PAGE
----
Navigating the Work-From-Home New Normal

Miriam Groom, VP Sales & Marketing
Miriam Groom

20 May 2020 • Estimated reading time : 6 mins

If history has taught us anything, it’s that humanity has the creativity and persistence to overcome adversity. We know that the COVID-19 pandemic will eventually come to some sort of end, but at the time of this writing, we still continue to wade through an existential purgatory.

There are a lot of unanswered questions about economic recovery, and many companies can count on having to work differently for the next few weeks, months, or even years. We can even surmise that the COVID-19 pandemic will change how organizations work forever.

Thanks to technology, many businesses are able to function with employees working from home. Working from home drastically reduces the spread of the virus, while enabling workers to continue to deliver results. Unsurprisingly, there are drawbacks to this kind of work style. Managing parenting and working simultaneously is often impossible, and many jobs require employees to be hands-on. Moreover, a certain level of collaboration and even company culture can be lost when everyone at a company is working remotely. The advantages of allowing employees to work from home during ideal circumstances are numerous, however, and during a pandemic, it’s pretty much the only reasonable option. One study suggests that companies that allow remote work have 25% lower employee turnover than companies that don’t.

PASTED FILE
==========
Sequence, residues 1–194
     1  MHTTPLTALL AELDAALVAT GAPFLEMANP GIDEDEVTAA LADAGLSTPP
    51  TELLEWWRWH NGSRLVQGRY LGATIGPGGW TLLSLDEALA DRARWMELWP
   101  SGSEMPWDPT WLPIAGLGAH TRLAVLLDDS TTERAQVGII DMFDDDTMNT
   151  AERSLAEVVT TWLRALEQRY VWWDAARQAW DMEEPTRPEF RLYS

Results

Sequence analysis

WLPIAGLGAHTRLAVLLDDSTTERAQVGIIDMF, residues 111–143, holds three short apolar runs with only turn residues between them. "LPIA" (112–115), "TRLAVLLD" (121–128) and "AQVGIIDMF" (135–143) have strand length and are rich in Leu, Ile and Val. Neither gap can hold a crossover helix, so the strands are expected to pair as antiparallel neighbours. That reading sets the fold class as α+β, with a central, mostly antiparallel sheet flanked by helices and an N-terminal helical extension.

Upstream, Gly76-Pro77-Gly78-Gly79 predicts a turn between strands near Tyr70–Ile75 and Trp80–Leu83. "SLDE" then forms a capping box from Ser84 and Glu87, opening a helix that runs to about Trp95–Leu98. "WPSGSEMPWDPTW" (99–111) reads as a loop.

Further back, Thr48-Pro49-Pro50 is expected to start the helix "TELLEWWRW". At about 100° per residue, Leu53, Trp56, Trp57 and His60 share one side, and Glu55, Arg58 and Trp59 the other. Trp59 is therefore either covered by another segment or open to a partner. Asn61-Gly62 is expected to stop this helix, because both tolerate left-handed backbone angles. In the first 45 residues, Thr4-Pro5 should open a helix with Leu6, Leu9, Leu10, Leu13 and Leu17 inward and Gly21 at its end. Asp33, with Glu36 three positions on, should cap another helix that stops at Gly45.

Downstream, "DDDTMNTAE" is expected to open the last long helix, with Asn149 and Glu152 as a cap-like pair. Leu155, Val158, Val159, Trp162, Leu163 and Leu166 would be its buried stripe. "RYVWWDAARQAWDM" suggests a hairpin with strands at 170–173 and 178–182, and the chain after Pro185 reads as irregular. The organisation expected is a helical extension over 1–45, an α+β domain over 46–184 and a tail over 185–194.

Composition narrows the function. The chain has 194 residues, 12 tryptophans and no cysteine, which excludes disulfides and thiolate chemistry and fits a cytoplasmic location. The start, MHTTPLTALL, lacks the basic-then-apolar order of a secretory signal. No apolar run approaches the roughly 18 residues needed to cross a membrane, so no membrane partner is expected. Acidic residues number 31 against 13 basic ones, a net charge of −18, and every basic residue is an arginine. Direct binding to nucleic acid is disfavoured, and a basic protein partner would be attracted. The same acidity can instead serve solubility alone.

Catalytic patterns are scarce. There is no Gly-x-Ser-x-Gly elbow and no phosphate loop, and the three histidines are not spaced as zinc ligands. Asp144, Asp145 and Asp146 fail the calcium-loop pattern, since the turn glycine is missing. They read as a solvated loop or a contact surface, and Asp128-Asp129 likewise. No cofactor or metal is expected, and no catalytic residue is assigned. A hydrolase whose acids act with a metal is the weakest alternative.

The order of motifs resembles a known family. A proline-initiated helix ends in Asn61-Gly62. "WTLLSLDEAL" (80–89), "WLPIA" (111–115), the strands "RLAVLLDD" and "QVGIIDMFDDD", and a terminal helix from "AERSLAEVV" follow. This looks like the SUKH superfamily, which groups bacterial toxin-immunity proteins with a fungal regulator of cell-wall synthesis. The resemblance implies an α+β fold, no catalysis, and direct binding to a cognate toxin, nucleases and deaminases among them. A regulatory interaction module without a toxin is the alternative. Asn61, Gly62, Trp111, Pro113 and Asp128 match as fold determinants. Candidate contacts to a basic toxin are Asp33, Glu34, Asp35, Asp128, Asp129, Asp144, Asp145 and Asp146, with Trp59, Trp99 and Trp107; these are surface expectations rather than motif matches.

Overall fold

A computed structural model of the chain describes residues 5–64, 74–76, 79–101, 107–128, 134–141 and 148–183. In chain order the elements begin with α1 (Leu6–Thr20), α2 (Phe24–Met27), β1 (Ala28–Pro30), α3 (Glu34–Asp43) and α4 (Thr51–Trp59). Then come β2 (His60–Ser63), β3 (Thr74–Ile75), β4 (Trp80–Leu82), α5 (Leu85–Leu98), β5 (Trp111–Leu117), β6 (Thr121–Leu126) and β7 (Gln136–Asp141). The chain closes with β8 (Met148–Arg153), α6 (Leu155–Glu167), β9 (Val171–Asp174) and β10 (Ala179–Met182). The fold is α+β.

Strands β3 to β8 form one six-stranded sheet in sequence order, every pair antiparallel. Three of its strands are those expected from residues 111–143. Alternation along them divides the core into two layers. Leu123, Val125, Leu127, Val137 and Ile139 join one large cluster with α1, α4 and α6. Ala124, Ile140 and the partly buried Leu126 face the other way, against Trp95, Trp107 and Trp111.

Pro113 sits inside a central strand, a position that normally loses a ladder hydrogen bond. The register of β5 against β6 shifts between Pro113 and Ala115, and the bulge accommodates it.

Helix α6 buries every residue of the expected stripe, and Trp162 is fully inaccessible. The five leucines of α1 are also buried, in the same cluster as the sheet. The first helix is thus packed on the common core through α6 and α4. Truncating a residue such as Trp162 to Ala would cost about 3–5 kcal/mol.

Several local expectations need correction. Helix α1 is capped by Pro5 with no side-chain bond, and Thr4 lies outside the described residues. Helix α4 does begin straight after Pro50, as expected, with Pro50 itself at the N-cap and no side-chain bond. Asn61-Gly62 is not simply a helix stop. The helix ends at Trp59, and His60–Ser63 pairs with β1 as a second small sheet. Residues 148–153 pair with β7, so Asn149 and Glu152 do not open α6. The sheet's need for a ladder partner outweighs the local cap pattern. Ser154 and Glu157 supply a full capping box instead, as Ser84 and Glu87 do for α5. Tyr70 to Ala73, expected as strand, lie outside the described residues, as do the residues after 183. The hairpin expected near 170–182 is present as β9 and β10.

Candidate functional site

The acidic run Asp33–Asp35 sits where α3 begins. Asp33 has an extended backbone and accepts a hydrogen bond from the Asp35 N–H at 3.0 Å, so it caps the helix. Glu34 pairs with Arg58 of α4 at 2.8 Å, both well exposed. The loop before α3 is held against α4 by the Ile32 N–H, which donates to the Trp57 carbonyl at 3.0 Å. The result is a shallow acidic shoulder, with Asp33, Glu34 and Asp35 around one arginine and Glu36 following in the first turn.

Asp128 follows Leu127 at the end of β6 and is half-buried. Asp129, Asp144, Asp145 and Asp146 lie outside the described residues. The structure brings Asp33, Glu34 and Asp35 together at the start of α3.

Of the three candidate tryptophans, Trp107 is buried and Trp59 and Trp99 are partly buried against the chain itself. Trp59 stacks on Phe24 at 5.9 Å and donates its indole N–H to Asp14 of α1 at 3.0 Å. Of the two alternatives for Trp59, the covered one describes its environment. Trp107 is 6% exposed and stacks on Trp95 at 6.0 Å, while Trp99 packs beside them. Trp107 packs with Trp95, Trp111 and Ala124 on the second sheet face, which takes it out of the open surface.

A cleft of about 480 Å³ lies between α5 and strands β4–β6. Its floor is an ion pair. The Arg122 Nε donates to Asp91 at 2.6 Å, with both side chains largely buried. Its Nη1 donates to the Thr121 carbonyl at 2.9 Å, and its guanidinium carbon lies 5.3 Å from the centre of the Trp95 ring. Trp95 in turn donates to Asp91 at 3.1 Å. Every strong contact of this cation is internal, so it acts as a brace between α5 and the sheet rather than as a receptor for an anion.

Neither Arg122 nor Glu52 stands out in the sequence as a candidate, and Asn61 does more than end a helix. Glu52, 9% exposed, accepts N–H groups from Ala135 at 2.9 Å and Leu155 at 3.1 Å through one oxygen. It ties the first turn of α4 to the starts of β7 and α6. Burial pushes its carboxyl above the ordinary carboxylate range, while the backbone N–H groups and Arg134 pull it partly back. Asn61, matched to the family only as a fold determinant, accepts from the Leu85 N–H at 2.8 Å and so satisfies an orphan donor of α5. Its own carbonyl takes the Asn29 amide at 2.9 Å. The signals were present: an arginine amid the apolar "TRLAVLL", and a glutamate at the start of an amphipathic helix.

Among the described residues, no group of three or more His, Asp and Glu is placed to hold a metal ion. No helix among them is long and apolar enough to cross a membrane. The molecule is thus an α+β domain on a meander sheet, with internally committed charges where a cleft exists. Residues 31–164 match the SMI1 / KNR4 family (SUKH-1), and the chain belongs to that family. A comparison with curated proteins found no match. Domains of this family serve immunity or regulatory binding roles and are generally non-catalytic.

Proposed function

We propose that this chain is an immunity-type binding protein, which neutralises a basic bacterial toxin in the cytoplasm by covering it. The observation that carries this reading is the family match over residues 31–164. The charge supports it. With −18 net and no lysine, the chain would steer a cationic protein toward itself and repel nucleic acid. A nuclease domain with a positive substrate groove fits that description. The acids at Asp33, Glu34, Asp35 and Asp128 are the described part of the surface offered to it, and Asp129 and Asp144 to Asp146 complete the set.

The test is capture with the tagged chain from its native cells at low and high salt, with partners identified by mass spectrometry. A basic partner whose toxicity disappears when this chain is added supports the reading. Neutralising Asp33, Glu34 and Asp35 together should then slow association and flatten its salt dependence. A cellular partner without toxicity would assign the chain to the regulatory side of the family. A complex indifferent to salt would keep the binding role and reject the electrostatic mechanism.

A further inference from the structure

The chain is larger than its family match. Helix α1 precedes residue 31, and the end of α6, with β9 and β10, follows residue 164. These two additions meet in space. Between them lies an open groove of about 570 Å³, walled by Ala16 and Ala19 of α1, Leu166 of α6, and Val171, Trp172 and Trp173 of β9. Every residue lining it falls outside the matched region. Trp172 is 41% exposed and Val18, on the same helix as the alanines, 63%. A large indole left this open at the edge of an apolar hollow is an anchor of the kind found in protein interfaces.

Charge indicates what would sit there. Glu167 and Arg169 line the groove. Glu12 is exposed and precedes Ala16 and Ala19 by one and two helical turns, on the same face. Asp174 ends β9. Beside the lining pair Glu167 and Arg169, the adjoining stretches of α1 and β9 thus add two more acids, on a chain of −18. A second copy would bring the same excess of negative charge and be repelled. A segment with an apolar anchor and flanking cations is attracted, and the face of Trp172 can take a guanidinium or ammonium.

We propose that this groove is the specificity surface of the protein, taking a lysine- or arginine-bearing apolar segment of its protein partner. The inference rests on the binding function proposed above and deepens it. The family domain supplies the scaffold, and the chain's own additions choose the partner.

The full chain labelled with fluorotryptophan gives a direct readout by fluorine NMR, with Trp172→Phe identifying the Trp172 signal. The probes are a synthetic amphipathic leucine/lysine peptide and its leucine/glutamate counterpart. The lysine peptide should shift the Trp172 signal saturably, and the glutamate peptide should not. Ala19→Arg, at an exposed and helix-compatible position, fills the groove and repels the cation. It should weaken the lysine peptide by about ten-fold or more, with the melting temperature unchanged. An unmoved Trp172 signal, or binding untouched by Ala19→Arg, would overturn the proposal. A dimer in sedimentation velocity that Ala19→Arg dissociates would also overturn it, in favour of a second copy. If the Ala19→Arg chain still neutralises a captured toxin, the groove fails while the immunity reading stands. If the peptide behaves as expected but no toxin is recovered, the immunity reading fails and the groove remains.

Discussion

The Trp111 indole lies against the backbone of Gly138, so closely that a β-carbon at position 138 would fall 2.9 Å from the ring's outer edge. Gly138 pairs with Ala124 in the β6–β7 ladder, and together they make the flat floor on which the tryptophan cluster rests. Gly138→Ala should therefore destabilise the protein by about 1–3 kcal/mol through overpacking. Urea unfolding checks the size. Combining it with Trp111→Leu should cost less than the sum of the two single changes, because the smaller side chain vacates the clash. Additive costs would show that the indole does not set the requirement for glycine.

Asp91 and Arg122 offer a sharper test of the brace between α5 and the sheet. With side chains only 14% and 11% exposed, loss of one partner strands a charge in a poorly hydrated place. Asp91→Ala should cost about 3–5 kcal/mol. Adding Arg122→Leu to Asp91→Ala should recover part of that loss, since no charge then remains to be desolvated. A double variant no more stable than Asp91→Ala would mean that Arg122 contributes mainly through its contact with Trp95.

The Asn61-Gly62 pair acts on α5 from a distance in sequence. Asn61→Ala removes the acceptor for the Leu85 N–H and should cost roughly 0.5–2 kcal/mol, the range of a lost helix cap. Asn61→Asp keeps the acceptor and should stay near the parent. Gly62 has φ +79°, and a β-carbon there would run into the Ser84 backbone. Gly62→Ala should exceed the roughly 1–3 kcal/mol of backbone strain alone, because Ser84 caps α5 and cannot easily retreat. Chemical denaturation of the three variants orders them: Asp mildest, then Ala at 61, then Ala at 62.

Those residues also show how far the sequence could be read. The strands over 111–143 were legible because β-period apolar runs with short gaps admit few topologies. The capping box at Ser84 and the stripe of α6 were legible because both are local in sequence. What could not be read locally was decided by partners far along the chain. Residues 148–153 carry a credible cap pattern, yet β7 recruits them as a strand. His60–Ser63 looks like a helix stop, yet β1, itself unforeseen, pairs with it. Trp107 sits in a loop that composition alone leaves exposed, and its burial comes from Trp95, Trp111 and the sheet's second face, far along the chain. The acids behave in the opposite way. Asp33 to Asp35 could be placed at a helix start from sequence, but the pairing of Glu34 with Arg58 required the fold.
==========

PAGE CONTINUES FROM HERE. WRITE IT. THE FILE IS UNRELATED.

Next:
Businesses that previously didn’t accomodate remote employees are now scrambling to make this new dynamic possible. To successfully manage a business where a large number of staff are working from home, organizations must make sure they have the right software technology, implement more advanced cyber security, and create work-from-home employee guidelines.

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Infrastructure that supports remote work

It’s 2020, but many companies still lack cloud-based systems that allow employees to login at home. Getting teams comfortably set up to work remotely does require a fair amount of re-structuring from both management and IT, but if your staff can’t take calls, check emails, and access company-wide information from home, it’s time to get that problem sorted.

For companies in this situation, consider meeting with an IT team to make sure Internet service providers and software systems offer generous bandwidth to accommodate so many employees online at the same time. Management must also take the time to explore the many online collaboration tools that were created for remote work. Slack is an example of a popular and widely-loved program, but there are a lot of options. Once implemented, teams will need to be trained on how to use them.

Tech tools that support remote employees won’t only help companies weather the COVID-19 storm, but will give future employees the ability to work from home when sick, give parents an easier way to manage their work/life balance, and will provide a more efficient way to work with freelancers and other outsourced services.

Enhance security

With the massive increase of people conducting both business and pleasure online during the outbreak, cyber security has become an even more important issue. Employees should be urged to use strong passwords and the most updated versions of software. According to a security company, organizations should consider some of the following:

  • Always use a VPN to connect remote workers to the organization’s internal network. This prevents man-in-the-middle attacks from remote locations.